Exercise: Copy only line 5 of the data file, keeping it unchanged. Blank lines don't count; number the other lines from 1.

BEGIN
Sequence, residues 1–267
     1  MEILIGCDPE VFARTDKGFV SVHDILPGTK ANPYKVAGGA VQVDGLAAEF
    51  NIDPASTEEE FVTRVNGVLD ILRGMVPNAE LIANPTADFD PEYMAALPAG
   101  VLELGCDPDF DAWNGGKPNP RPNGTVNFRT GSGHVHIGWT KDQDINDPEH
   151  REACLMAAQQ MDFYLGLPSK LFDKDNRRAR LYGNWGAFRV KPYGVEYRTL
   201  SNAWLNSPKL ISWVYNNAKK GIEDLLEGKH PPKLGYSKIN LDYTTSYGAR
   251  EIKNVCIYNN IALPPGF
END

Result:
   151  REACLMAAQQ MDFYLGLPSK LFDKDNRRAR LYGNWGAFRV KPYGVEYRTL